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Wall / Dress

Dressing a building and cladding your wife is not a way to get rid of her. It is, however, bad for your city.

What’s interesting, instead, is that the German language – the vocabulary of which is richly structured around correlation and families of meaning – has a word that applies to both architecture and fashion. A correlation that’s resurfacing in contemporary architecture.

Bekleidung refers to both the act of protecting the human body with clothes and the act of covering a building in cladding.

Similarly, the words for “Wall” and “Dress” belong to the same family.

  • Wall = Wand ; Dress = Gewand

This is not only true in German:

  • Italian: Abitare / Abito
  • French: Habiter / Habiller

But how do the relate?

Isolation, protection, decoration, image, status, performance.

The debate on ornament is a longlasting one. Loos had a pretty clear idea about that (”Ornament and Crime”, Adolf Loos, 1908), as did Semper half a century earlier (”The Four Elements of Architecture”, Gottfried Semper, 1851).

Their ideas regarding the role and dignity of ornament in architecture were different if not opposite, yet they share a conviction that building walls and weaving textiles are not entirely unrelated actions. In fact, enclosures (walls, fences) have their origins in weaving and the most basic spacial divider is fabric.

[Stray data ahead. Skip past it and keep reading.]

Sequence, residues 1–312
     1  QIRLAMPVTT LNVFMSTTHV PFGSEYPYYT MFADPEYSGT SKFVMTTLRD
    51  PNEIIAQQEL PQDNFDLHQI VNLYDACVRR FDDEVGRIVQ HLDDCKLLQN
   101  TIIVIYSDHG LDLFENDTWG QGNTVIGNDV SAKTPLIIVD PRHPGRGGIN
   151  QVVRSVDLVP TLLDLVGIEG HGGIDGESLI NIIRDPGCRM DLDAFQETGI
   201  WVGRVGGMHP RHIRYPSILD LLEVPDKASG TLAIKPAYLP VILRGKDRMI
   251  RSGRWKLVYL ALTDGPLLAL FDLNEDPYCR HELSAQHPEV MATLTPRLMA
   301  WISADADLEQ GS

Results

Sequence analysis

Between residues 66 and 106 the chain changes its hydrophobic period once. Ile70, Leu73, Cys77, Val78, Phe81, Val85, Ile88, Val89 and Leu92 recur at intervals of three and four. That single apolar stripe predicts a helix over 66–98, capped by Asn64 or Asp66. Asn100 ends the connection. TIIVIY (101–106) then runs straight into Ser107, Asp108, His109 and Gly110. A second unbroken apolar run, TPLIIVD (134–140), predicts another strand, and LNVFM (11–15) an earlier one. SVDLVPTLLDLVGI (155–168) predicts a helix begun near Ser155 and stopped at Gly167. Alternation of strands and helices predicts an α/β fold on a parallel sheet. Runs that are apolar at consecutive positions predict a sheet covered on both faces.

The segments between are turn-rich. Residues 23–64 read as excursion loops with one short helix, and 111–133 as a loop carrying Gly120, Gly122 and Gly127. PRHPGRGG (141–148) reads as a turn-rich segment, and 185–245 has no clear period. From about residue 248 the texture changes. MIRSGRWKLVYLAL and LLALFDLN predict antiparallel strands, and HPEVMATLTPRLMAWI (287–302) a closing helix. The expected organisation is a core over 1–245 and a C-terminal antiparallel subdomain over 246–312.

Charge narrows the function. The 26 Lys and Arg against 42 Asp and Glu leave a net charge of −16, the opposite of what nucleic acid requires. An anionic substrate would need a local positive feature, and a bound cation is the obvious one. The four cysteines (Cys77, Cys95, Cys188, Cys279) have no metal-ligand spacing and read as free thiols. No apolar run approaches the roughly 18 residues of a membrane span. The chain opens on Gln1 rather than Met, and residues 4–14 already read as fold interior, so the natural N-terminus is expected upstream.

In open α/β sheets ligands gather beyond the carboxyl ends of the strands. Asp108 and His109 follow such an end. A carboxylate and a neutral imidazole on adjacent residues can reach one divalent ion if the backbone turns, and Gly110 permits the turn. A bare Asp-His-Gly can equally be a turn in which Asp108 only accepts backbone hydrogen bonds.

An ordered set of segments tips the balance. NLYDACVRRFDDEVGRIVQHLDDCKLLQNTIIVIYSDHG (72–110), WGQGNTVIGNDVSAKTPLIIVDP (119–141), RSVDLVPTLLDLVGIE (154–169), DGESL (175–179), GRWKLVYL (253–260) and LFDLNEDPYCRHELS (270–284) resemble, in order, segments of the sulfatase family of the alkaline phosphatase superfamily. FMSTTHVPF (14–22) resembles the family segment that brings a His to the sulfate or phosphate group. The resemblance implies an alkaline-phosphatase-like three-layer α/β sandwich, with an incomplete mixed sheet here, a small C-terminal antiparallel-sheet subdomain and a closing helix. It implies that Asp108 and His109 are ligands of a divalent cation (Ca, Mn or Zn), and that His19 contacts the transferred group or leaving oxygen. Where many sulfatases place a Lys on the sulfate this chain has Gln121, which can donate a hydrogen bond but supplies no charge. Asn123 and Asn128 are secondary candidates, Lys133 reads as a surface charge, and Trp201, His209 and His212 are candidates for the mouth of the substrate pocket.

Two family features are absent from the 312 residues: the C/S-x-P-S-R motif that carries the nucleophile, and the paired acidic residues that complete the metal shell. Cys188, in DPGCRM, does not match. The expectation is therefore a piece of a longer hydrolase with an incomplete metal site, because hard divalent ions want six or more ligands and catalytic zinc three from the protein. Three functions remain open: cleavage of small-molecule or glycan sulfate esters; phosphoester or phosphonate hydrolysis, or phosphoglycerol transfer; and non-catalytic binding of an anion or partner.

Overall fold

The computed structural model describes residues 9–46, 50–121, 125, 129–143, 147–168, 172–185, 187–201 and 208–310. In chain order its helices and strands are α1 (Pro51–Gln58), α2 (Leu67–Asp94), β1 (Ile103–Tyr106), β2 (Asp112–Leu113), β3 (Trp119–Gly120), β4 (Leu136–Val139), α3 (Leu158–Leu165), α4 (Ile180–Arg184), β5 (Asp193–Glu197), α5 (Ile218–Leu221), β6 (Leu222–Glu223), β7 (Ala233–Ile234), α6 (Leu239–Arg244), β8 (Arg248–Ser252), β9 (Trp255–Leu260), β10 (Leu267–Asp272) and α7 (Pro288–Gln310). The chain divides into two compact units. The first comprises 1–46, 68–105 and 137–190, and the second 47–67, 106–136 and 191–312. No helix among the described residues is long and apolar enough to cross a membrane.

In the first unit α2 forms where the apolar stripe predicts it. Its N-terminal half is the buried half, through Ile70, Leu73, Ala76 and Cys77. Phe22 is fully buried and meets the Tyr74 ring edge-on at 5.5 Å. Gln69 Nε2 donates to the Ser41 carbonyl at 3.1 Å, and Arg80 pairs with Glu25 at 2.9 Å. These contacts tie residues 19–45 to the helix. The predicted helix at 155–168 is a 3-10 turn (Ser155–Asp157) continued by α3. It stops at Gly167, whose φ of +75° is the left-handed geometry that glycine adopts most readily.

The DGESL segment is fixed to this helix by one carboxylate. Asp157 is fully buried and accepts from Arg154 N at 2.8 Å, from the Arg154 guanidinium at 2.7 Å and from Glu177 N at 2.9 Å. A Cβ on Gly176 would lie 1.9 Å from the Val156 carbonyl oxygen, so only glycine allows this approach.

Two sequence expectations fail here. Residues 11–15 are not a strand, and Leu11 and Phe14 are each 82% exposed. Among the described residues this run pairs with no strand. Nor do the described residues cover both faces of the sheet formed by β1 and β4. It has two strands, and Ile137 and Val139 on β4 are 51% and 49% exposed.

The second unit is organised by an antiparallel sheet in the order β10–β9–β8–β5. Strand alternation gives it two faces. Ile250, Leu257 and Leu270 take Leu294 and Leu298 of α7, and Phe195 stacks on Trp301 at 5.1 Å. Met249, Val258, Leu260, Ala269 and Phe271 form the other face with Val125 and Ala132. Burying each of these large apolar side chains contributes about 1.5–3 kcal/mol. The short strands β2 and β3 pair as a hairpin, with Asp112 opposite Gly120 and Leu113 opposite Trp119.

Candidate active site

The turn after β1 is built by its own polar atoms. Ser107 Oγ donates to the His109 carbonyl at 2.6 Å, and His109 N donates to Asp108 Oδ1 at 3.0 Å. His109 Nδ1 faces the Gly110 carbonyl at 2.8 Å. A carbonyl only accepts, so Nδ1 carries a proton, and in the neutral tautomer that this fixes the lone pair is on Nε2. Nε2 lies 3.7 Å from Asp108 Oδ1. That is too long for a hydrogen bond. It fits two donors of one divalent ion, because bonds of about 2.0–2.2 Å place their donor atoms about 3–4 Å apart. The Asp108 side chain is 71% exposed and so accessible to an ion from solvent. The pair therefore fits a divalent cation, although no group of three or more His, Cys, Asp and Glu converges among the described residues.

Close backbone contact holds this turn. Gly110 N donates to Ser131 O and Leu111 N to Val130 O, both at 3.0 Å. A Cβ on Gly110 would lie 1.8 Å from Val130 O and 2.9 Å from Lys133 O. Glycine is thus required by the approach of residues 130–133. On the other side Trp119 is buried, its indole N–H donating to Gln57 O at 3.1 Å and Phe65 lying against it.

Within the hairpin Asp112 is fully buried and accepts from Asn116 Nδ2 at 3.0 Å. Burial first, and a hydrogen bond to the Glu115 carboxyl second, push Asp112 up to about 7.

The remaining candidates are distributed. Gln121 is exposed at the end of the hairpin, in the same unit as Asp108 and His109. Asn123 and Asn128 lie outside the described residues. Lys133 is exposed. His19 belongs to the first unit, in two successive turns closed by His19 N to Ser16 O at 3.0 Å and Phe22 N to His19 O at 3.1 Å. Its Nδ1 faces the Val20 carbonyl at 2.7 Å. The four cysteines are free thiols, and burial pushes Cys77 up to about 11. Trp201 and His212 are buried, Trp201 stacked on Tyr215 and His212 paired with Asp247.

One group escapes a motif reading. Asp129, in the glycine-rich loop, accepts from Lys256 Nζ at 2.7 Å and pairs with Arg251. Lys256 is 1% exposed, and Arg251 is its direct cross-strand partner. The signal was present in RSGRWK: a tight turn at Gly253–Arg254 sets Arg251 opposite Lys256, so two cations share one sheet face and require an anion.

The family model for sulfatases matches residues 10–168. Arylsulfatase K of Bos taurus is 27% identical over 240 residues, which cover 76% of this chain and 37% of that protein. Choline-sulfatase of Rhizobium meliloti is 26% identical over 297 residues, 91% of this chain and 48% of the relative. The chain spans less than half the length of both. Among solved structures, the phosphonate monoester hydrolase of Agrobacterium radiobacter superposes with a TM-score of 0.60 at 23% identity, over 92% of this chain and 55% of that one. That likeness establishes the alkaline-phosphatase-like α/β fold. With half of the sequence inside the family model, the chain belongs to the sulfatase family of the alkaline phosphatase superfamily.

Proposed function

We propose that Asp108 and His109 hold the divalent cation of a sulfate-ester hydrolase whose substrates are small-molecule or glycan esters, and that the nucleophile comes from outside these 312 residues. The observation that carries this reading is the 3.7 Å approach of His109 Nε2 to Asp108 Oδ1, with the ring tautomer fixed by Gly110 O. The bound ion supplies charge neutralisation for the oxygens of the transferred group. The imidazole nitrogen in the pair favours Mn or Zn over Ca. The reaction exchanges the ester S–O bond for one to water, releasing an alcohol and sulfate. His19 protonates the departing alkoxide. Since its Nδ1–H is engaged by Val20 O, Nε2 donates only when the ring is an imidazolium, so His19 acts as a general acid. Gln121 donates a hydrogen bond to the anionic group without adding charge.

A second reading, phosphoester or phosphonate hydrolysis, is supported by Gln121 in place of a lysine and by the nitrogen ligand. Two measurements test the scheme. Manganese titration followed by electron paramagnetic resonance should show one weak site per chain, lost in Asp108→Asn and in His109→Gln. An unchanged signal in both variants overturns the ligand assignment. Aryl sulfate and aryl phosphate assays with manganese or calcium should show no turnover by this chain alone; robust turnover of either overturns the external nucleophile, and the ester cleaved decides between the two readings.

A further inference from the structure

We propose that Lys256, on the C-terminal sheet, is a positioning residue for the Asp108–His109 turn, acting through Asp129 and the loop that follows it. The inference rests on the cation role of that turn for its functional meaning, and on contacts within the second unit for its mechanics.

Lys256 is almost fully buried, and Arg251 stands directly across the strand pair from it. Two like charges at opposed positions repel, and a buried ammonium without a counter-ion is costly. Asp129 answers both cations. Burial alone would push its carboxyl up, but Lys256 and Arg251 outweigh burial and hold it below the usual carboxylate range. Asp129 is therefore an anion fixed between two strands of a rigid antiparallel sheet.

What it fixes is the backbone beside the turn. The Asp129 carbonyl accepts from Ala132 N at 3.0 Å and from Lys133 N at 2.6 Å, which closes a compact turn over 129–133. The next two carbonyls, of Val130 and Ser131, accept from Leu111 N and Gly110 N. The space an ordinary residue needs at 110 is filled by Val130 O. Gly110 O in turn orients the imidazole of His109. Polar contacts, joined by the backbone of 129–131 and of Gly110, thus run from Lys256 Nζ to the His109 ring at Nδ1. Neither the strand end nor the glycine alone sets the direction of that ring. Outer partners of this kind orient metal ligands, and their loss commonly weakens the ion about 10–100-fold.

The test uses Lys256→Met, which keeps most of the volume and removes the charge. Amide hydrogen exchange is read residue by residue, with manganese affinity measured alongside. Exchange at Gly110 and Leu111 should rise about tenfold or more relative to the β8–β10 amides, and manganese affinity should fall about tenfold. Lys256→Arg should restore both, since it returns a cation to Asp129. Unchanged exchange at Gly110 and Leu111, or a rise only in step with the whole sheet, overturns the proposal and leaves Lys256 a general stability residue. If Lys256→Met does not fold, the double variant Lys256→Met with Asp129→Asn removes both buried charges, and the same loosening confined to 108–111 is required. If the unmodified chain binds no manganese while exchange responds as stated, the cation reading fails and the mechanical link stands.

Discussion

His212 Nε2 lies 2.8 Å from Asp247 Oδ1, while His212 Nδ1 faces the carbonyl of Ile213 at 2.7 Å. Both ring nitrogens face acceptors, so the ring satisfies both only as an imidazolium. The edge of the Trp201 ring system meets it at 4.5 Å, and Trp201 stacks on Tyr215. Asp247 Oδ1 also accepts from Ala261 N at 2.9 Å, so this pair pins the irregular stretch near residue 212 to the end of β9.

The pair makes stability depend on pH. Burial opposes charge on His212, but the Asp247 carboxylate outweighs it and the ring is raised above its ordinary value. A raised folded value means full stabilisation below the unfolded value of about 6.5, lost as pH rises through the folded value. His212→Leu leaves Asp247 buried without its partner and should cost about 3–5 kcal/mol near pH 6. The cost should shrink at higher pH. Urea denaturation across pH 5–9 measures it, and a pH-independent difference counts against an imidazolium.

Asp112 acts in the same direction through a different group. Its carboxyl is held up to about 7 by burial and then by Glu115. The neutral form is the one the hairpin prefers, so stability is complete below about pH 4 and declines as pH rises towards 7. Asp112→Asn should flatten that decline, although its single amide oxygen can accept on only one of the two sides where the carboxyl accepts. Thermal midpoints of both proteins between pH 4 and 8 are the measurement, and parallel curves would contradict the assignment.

Now, while ornament comes and goes in the architectural and fashion trends and is somtimes praised and sometimes blamed, this is as clear an indication that buildings and people require a similar kind of coating: people are dressed, buildings are clad.

The dispute on ornament is surely interesting, but ultimately unimportant. Behind the correlation between the words “wall” (wand) and “dress” (gewand) in German and some similarities in their figurative meaning, however, stands a crucial architectural dilemma: is it all about pleasing the eye?

In contemporary architecture Rem Koolhaas has often turned to the fashion industry, not just to design the buildings for Prada or to title one of his most significant books (”S, M, L, XL”, Rem Koolhaas, 1995), but also to shape his architectural way of imagining the city: a series of unappealing and undefined boxes shaped by program and dressed/covered in highly researched cladding.

In Fondazione Prada, which is almost complete and has already opened in Milan, the highly diverse buildings that make up the complex are clad in gold leaf, microperforated polycarbonate, aluminum foam, rough concrete coating.

The end product is all but unappealing or undefined, which leaves the clothes making the man, ehm building.

This is certainly good for Rem, for architecture and for our eyes; but is it good for our city?


[This article was originally published by Ilias Nissim on “An Iliasful of Architecture”]




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